Salt Grill & Sky Bar, 56th Floor ION, Orchard Road. This is run by top Aussie chef Luke Mangan, there is a restaurant on the 55th floor which does what we would call a pre-theatre dinner at a reasonable price, then on the 56th is the Bar which does a tapas menu. The food and service was good, yes it was expensive but hey with the views that you get it was worth it!
Chinatown Seafood Restaurant, Corner of Pagoda Street & Trengannu Street, the food is supposed to be excellent and very reasonable for the specialities such as chilli crab, you can also just sit and have a very cheap beer and watch the world go by, a great spot.
SkyBar, ION Orchard Road, see above you have to book at the desk in ION but it’s worth it for the views.
Raffles, Beach Road, yes it does have to be done. They have moved the Long Bar upstairs, it used to be longer and on the ground floor but it is worth having a look and choosing between that and the lovely courtyard bar. The Singapore Gin Sling is the same as it was but they also do seasonal variations which in my opinion are a lot more pleasant than the original. Have a look in the shop and pick up a souvenir.
Chinatown Seafood Restaurant, see above.
The area around Ann Siang Road and Hill in Chinatown, is full of ex-pat type bars, a lot with either a British or French vibe. There were a couple which we enjoyed, some have roof top terraces and attract a very young, trendy crowd at the weekend.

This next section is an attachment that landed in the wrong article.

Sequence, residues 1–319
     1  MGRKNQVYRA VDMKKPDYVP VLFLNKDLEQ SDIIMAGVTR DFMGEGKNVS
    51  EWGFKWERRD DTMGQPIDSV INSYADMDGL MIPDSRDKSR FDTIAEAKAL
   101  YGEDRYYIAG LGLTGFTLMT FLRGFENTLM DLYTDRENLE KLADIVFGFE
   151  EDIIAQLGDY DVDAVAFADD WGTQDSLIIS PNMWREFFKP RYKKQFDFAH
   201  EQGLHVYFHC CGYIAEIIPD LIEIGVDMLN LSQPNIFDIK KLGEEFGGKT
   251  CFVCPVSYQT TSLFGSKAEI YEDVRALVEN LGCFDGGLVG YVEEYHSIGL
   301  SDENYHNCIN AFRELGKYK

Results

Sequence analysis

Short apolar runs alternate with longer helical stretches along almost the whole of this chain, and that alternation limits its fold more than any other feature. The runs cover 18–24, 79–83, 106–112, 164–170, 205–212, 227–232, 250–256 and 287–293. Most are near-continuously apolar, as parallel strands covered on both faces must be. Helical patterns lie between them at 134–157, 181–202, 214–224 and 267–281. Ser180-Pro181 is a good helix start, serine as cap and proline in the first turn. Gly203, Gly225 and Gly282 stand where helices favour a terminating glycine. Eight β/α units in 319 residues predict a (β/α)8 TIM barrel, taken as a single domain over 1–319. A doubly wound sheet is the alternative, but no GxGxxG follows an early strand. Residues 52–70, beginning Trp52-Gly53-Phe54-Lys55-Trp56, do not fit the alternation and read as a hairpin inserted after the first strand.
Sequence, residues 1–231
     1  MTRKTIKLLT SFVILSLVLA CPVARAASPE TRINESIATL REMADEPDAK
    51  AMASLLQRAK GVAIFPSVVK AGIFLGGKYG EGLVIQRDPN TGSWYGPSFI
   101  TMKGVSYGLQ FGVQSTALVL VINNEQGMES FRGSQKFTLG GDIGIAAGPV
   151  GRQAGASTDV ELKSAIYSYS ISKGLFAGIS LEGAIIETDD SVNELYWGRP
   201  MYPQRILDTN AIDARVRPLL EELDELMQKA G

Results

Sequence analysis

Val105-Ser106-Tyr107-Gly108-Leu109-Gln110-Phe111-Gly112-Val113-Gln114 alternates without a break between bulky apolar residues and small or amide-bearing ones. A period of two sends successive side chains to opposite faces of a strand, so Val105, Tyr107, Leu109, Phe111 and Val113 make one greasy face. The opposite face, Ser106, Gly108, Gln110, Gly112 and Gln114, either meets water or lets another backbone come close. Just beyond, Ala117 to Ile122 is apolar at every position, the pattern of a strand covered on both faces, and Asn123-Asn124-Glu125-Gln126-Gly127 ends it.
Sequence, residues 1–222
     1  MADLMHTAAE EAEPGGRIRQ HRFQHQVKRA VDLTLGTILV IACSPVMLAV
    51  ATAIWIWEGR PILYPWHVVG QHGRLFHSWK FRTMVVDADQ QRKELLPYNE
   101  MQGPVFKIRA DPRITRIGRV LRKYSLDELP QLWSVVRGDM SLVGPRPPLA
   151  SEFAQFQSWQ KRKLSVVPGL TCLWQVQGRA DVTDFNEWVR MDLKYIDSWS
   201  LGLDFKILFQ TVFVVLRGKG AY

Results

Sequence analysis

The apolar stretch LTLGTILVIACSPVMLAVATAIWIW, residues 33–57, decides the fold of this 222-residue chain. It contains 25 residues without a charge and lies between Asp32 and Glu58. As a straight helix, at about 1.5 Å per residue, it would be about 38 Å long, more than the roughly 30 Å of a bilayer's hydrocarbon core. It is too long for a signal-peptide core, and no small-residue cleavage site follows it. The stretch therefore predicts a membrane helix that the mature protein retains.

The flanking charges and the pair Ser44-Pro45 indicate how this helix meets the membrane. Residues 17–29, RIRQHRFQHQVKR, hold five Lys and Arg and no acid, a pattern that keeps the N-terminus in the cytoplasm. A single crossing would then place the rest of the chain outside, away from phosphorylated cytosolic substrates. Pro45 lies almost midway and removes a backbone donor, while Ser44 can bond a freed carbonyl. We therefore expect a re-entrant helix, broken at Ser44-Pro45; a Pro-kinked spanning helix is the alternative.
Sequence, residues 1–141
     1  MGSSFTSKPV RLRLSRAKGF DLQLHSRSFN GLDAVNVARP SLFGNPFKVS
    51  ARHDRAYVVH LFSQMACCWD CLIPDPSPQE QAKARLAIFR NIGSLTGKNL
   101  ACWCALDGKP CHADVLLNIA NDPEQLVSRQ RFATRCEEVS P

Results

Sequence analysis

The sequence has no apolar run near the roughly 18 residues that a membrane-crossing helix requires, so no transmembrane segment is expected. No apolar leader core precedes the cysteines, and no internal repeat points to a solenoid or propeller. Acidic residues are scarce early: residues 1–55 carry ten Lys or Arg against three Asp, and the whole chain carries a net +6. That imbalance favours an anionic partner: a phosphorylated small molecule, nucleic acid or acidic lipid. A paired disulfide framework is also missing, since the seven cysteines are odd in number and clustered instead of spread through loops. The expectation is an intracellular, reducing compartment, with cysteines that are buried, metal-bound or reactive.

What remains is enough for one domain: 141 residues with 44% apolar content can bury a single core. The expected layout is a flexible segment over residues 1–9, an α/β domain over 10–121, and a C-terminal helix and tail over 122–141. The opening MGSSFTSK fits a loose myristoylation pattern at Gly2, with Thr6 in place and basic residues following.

Emporium, 5 Ann Siang Road, is a bar and restaurant, a nice place to sit and have a drink on the terrace after dinner.
Beaujolais, 1 Ann Siang Hill, as you might have guessed a French bar and restaurant, another lovely terrace for after dinner and reasonably priced house wine.
The area around Kampong Glam is apparently a good area in the evening and although we only visited during the day there seemed to be a wide variety of places to eat and drink. The only one we tried was Experience Arabia, 27 Bali Lane, as it was the only one open early on a Sunday lunchtime.
The most famous Singapore drink has to be Tiger Beer and very good it is, particularly on a hot and humid day. The second most famous is probably the Singapore Gin Sling from Raffles hotel. I well remember my first visit many years ago and while I loved Raffles and the long bar I was really disappointed by the drink. They now serve seasonal varieties which I much preferred.
This is a city where you can drink the most expensive imported wines, cocktails in rooftop bars and cheap beer at a hawker stall, in other words you can drink anything you fancy at either end of the price scale.
If you are only there for a couple of days try and visit the various different areas that represent the different cultures of Singapore. Chinatown a must for food and cheap souvenirs, the Colonial area to see the buildings and to visit Raffles, Little India for a good curry, and Kampong Glam the Malay area for great shops and cafes.